Obesity information-it starts with the letters NHANES

August 5, 2009

Recently, the Centers for Disease Control and Prevention has released information concerning the prevalence and costs of the growing epidemic of obesity in the United States. Some of the most critical information concerning the weight of the nation is collected in the National Health and Nutrition Examination Survey (NHANES), which takes actual measurements of a nationally representative sample of the U.S. population.

For the most recent information on obesity and overweight, please visit the Health E-Stat report at http://www.cdc.gov/nchs/products/pubs/pubd/hestats/overweight/overweight_adult.htm.

For a more general overview, visit http://www.cdc.gov/nchs/fastats/overwt.htm.

As always, the NCHS press office can be reached at 301-458-4800.

New Health E-Stat integrates obesity and overweight prevalence data

January 14, 2009

Results from the 2005-2006 National Health and Nutrition Examination Survey (NHANES), using measured heights and weights, indicate that an estimated 32.7 percent of U.S. adults 20 years and older are overweight, 34.3 percent are obese and 5.9 percent are extremely obese. Additional data as well as figures and tables can be found by visiting the following Web addres: http://www.cdc.gov/nchs/products/pubs/pubd/hestats/overweight/overweight_adult.htm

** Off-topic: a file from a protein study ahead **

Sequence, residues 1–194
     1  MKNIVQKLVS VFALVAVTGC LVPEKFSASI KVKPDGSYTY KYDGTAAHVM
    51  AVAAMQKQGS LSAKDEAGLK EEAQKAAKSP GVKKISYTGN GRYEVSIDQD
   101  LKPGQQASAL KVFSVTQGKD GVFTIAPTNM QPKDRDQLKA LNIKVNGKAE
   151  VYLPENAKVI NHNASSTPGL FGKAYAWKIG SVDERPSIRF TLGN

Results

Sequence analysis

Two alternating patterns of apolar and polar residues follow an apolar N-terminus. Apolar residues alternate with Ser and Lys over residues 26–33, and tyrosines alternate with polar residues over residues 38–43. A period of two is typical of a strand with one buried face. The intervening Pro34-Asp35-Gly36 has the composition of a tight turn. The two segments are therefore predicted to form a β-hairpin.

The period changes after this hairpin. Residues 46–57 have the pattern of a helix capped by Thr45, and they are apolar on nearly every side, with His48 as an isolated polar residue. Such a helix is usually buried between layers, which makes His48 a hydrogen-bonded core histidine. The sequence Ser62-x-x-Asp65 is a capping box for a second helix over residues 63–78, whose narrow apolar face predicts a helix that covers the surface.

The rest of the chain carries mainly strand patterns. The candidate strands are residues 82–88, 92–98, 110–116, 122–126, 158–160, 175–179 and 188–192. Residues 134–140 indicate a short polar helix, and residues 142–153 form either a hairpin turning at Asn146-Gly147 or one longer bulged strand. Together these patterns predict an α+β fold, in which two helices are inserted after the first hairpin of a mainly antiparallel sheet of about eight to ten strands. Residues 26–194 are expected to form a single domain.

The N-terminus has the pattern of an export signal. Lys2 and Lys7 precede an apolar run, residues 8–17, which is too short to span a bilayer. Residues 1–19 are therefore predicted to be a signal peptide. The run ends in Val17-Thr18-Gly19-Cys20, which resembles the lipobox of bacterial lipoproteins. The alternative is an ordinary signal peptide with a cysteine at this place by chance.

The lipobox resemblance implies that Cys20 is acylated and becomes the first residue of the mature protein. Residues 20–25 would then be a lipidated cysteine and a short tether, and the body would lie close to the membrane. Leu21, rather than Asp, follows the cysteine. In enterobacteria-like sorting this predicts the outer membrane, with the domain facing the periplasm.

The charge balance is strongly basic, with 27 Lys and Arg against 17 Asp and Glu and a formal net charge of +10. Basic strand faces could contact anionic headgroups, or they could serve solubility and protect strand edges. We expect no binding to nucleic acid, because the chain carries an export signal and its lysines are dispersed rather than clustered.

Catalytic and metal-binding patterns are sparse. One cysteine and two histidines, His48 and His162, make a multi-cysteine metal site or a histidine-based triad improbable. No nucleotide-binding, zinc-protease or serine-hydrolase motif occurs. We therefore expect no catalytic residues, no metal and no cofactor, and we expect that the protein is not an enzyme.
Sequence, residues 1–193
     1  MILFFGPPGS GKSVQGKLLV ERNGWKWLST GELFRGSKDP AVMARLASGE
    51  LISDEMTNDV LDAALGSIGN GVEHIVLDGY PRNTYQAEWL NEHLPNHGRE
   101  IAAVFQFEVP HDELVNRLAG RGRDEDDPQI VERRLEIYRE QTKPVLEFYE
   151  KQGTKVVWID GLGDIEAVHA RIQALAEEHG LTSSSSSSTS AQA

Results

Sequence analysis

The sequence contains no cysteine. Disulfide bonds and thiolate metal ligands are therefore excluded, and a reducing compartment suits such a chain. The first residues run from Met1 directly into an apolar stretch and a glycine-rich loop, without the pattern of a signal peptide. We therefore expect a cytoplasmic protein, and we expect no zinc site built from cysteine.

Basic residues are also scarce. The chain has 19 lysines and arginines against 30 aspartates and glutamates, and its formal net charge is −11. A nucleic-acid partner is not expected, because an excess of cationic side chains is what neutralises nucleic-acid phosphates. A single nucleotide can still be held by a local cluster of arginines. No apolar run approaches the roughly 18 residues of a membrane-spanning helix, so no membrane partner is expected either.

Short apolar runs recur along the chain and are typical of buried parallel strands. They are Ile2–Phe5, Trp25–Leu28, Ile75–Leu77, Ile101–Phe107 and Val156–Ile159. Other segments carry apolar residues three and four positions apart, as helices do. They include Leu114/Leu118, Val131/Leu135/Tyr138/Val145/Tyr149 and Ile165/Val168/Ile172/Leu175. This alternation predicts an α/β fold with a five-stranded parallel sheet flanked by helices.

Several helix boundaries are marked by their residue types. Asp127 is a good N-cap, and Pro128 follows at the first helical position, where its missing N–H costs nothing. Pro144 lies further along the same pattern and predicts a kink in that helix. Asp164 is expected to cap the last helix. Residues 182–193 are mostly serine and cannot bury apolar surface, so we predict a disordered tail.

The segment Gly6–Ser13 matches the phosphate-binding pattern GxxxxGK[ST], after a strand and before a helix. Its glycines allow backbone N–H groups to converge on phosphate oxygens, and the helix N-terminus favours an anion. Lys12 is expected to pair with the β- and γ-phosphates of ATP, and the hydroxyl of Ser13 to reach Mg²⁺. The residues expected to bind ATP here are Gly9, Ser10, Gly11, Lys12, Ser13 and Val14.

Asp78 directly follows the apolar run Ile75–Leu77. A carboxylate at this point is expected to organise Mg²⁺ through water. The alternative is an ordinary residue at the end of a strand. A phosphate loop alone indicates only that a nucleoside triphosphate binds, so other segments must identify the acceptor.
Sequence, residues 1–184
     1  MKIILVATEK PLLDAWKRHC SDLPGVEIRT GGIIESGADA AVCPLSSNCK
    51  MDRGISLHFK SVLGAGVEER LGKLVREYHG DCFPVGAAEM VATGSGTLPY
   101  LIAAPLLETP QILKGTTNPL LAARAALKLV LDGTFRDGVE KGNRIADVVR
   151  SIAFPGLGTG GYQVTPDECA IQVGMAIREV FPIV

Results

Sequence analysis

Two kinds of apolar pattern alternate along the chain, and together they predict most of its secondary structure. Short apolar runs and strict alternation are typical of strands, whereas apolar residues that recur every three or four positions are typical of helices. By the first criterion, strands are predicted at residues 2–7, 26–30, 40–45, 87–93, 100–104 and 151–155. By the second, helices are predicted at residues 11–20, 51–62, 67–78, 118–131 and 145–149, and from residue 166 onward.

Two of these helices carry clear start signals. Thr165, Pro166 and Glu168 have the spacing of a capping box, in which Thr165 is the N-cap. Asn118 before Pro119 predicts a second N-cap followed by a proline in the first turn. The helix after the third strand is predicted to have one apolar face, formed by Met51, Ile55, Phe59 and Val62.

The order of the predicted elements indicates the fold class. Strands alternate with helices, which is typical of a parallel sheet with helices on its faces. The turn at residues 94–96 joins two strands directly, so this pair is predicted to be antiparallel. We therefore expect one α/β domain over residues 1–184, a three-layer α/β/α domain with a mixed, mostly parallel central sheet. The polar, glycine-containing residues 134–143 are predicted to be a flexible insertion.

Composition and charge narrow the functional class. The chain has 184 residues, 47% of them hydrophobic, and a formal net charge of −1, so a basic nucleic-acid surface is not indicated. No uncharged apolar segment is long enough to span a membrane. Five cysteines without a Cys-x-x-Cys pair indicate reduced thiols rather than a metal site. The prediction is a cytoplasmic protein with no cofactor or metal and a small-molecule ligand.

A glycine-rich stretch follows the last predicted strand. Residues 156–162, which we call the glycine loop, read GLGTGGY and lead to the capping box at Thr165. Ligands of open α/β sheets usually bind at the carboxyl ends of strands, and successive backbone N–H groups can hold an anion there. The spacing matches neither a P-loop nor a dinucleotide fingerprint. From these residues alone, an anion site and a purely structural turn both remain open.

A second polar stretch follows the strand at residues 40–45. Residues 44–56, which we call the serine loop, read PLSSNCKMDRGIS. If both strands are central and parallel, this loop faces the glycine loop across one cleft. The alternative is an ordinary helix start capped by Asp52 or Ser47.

More Obesity Resources

July 18, 2007

We’ve written a couple of times on the subject of overweight and obesity. However, some of our research has been published in scholarly journals rather than on our website.

The journal Obesity: Racial and Ethnic Differences in Secular Trends for Childhood BMI, Weight, and Height

The journal Gastroenterology: The Epidemiology of Obesity. More data on overweight and at-risk of overweight in children.

The Journal of the American Medical Association. Prevalence of Overweight and Obesity.

The journal Clinical Nutrition and Obesity. Childhood Overweight and Family Income in the United States, 1999-2004.

Morbid Obesity

June 13, 2007

Overweight and obesity data collected by the National Health and Nutrition Examination Survey for the National Center for Health Statistics show obesity increasing among Americans of all ages.

Obesity is defined as having a body mass index  (BMI) of 30 or greater.

There is a subset of obesity called morbid or extreme obesity which is defined as having a BMI of 40 or greater or weighing in excess of 100 pounds of one’s ideal weight. The National Center for Health Statistics does not track that number.

 However several of our scientists, writing in the Journal of the American Medical Association (JAMA) do report on this particular condition.  For the period 2003-2004 almost 5 percent of adults were extremely obese.

There JAMA articles can be found here and here.